Lipoplasty: Weight Loss and Large Volume Lipoplasty
New York, NY (January 18, 2002) — New data suggest that large volume lipoplasty (LVL) can produce dramatic weight loss and significant, and possibly long-lasting health benefits, when performed using the strictest patient selection criteria, in an accredited surgical setting and with close monitoring. Yet most plastic surgeons remain concerned about the potential risks of LVL. In the current issue of Aesthetic Surgery Journal (ASJ), the peer-reviewed publication of the American Society for Aesthetic Plastic Surgery (ASAPS), Sharon Giese, MD, and co-authors discuss their 1-year findings on the results of LVL in 14 overweight women.
Lipoplasty (liposuction) is the most popular cosmetic surgical procedure, according to ASAPS' national statistics, up 113% since 1997, and totaling 376,633 procedures in 2000. Lipoplasty is generally recommended for patients at or close to their ideal body weight who desire "contouring" of diet- and exercise-resistant fatty tissue. While a few surgeons successfully perform large volume fat removal (defined in the study as removal of 5 liters or more of fat aspirate), most plastic surgeons prefer to avoid the increased risk believed to be associated with LVL.
In outlining the factors for success and safety in LVL, Dr. Giese and her co-authors name patient selection as the single most important factor. They contend that LVL may be appropriate for individuals classified as "medically overweight," but emphasize that it is not for those who are "medically obese" (more than 50 pounds over their ideal weight). Appropriate candidates must be in excellent health. Absolute contraindications for LVL are multiple medical problems, eating disorders, and unstable weight in the past year (greater than 10-pound fluctuation), alcoholism, or drug abuse; based on these factors alone, the number of suitable candidates for this procedure is small.
In addition, candidates must be willing to lose some weight before surgery and maintain their weight loss following LVL, says Dr. Giese. "Maintenance and additional weight loss can be achieved only with a healthy lifestyle. The exciting finding of our study is that results at 10 to 21 months after LVL showed that the improvements in body weight, systolic blood pressure and fasting insulin levels observed at 4 months after the procedure were largely sustained in our study group," she says. Dr. Giese maintains that the benefits of LVL in reducing weight and improving overweight patients' cardiovascular risk profile make the procedure worth considering as a possible weight loss treatment. And, she says, "All patients who were pre-diabetic are now normal."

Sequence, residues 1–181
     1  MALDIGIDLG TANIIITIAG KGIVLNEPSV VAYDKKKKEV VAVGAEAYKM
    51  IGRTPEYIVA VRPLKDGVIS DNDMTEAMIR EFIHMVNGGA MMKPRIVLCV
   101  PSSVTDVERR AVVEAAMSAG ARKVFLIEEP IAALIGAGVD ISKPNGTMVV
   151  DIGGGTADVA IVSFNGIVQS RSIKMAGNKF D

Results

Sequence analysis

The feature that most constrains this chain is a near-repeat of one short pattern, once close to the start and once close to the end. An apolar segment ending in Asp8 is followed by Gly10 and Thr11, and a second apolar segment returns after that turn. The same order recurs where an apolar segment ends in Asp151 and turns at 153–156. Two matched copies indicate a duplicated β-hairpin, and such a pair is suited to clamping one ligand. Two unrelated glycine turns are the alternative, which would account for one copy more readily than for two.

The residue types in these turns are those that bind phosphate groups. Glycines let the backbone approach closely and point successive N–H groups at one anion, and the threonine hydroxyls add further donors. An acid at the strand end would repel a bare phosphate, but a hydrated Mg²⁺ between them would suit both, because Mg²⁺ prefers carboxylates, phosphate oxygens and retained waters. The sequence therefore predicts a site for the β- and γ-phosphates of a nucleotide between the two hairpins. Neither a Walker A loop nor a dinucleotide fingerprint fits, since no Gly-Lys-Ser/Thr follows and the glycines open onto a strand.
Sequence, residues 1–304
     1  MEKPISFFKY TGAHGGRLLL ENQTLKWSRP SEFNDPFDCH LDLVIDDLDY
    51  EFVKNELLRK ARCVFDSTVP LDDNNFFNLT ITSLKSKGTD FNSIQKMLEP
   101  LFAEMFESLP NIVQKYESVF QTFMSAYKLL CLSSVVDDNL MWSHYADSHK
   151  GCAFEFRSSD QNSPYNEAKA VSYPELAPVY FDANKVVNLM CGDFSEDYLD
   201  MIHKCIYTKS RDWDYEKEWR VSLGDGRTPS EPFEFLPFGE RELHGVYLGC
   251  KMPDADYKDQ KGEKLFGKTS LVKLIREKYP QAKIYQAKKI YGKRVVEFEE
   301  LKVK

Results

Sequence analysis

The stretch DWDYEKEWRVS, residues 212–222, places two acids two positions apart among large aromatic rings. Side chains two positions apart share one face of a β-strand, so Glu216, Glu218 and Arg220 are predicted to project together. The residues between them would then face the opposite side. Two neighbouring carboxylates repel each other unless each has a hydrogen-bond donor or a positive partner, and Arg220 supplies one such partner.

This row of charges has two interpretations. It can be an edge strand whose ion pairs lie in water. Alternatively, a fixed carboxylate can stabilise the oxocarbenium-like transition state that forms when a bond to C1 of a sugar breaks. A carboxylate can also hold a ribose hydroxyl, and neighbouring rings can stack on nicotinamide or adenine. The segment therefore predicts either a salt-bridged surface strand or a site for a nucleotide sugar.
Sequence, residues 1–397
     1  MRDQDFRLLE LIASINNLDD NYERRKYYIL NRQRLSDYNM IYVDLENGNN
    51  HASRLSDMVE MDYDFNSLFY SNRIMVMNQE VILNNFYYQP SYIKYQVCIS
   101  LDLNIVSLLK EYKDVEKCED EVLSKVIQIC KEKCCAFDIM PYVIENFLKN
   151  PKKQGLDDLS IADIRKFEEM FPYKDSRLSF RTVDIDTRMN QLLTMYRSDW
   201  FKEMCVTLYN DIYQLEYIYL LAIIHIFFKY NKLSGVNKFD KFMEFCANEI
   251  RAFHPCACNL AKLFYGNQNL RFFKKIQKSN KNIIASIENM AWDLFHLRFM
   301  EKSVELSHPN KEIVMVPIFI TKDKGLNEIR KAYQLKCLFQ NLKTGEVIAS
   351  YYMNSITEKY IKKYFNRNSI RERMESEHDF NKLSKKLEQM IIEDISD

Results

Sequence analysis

But Charles Hughes, MD, chair of the ASAPS' Body Contouring Committee, urges caution. "The safety of lipoplasty has increased dramatically since 1998, presumably because plastic surgeons have taken a more conservative approach to performing the procedure by tightening patient selection criteria and generally removing smaller volumes of fat," says Dr. Hughes. "Dr. Giese and her co-authors have outlined possible expansion of the use of lipoplasty in clearly defined and limited circumstances, and for a select group of healthy patients who are within 50 pounds of their ideal body weight. Neither this study, nor any other research that I know, advocates lipoplasty as a treatment for obesity."
Dr. Hughes, who authored the ASJ article published in May 2001 reporting results of a major survey on lipoplasty safety, says Dr. Giese's study involves a very small number of patients, and similar results would need to be obtained from a much larger group, with a longer follow up time, in order to validate the reported health benefits. "As far as I know, this is the only study of LVL that has measured the sustained impact on systolic blood pressure and insulin levels," adds Dr. Hughes.
It is the position of the American Society for Aesthetic Plastic Surgery (ASAPS) that patient safety is the most important consideration in any cosmetic surgery procedure. ASAPS recommends that lipoplasty be performed by an American Board of Plastic Surgery certified physician and only in an accredited surgical facility. "LVL, in particular, requires extensive experience in lipoplasty procedures," says Dr. Hughes. "The surgeon and assisting medical personnel must have broad knowledge and experience in anesthesia and fluid management. Postoperative monitoring of the LVL patients must be vigilant. Patients must be thoroughly informed of the possibility of increased risk associated with large volume fat removal."
With the strictest patient selection and in the hands of a qualified plastic surgeon trained in the proper technique, LVL may prove to be a valuable tool for reducing some of the co-morbid conditions associated with being overweight. Most plastic surgeons, however, do not advocate lipoplasty, including large volume lipoplasty, as a safe and effective method for significant weight reduction.
THE STUDY AUTHORS AND ASAPS' SPOKESPERSONS ARE AVAILABLE FOR INTERVIEWS. CONTACT THE COMMUNICATIONS OFFICE.
The American Society for Aesthetic Plastic Surgery (ASAPS), is recognized as the world's leading organization devoted entirely to aesthetic plastic surgery and cosmetic medicine of the face and body. ASAPS is comprised of over 2,600 Plastic Surgeons; Active Members are certified by the American Board of Plastic Surgery (USA) or by the Royal College of Physicians and Surgeons of Canada and have extensive training in the complete spectrum of surgical and nonsurgical aesthetic procedures. International Active Members are certified by equivalent boards of their respective countries. All members worldwide adhere to a strict Code of Ethics and must meet stringent membership requirements.
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